Temporal change to self-rated health in the Swiss population from 1997 to 2012: the roles of age, gender, and education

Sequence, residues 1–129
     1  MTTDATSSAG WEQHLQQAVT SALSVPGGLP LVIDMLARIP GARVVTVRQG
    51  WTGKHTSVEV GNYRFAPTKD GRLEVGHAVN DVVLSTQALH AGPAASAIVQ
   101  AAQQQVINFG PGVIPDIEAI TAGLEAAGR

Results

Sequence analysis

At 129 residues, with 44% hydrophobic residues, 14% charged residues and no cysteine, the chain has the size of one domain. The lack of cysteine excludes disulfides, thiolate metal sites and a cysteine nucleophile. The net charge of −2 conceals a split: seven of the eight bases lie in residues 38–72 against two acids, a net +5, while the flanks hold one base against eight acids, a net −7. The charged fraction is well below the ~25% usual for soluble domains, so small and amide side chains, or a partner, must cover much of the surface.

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Â© 2017 The Royal Society for Public Health Objectives Our study aimed to describe the temporal changes in self-rated health status (SRH) from 1997 to 2012 in adults aged 25 to 84 residing in Switzerland, with a view to identifying groups at risk for declining health. Study design Secondary analysis of population-based cross-sectional health surveys. Methods Data were collected from the cross-sectional, population-based, five-year Swiss Health Survey, from 1997, 2002, 2007 and 2012. A total of 63,861 individuals' data were included. Multilevel mixed-effect logistic regression analysis was employed to estimate the probability of very good and good health within the framework of a hierarchical cross-classified age-period-cohort model (HAPC), adjusting for education level, gender, civil status, smoking status and body mass index. Results Individuals with higher education were substantially more likely than those with primary education to report good SRH (OR = 2.12; 95% CI = 1.93â€“2.33 for secondary education and OR = 3.79; 95% CI = 3.39â€“4.23 for tertiary education). The education effect depended on birth cohort and age: higher proportions of good SRH were reported by secondary (8%â€“17%) and tertiary (10%â€“22%) compared with primary educated individuals from the 1940 birth cohort onward; the proportion of secondary/tertiary (compared to primary) educated people reporting good SRH increased with age (by 10/11% at 45â€“50 years and 25/36% at 80â€“84 years). Gender health equality was achieved by the 1955 (primary educated) and 1960 (secondary educated) birth cohorts, while these women overtook men in reporting good SRH from the 1975 birth cohort onward. Tertiary educated younger women were significantly less likely to report good SRH than men but parity was achieved at around pension age. Similarly, gender inequality in those with primary and secondary education reduced in the younger ages to not be significant at around age 55, with women overtaking men from age 65. Conclusions Younger birth cohorts with lower education levels appear most vulnerable in terms of their SRH. The education effect cumulatively increases when attaining incrementally higher education levels. While women report lower health than men, gender inequality in SRH has declined and even reversed over time and is substantially linked to differences in educational status. Swiss public health strategies should particularly target the younger adults with only primary school education of both genders; for women, to combat health burdens in their early life, and men, to mitigate issues in their later life.
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